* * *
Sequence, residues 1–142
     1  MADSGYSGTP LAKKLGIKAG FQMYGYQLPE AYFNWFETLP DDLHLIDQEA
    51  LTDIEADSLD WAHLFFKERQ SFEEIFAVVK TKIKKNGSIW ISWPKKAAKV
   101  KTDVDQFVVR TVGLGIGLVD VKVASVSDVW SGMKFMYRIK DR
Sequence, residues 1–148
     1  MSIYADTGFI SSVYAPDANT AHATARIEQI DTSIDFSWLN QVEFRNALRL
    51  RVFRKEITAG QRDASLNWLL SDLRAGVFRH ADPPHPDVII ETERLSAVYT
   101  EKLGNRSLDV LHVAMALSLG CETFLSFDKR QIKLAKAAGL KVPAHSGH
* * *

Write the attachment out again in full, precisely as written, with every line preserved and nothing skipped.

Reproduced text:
Sequence, residues 1–142
     1  MADSGYSGTP LAKKLGIKAG FQMYGYQLPE AYFNWFETLP DDLHLIDQEA
    51  LTDIEADSLD WAHLFFKERQ SFEEIFAVVK TKIKKNGSIW ISWPKKAAKV
   101  KTDVDQFVVR TVGLGIGLVD VKVASVSDVW SGMKFMYRIK DR
Sequence, residues 1–148
     1  MSIYADTGFI SSVYAPDANT AHATARIEQI DTSIDFSWLN QVEFRNALRL
    51  RVFRKEITAG QRDASLNWLL SDLRAGVFRH ADPPHPDVII ETERLSAVYT
   101  EKLGNRSLDV LHVAMALSLG CETFLSFDKR QIKLAKAAGL KVPAHSGH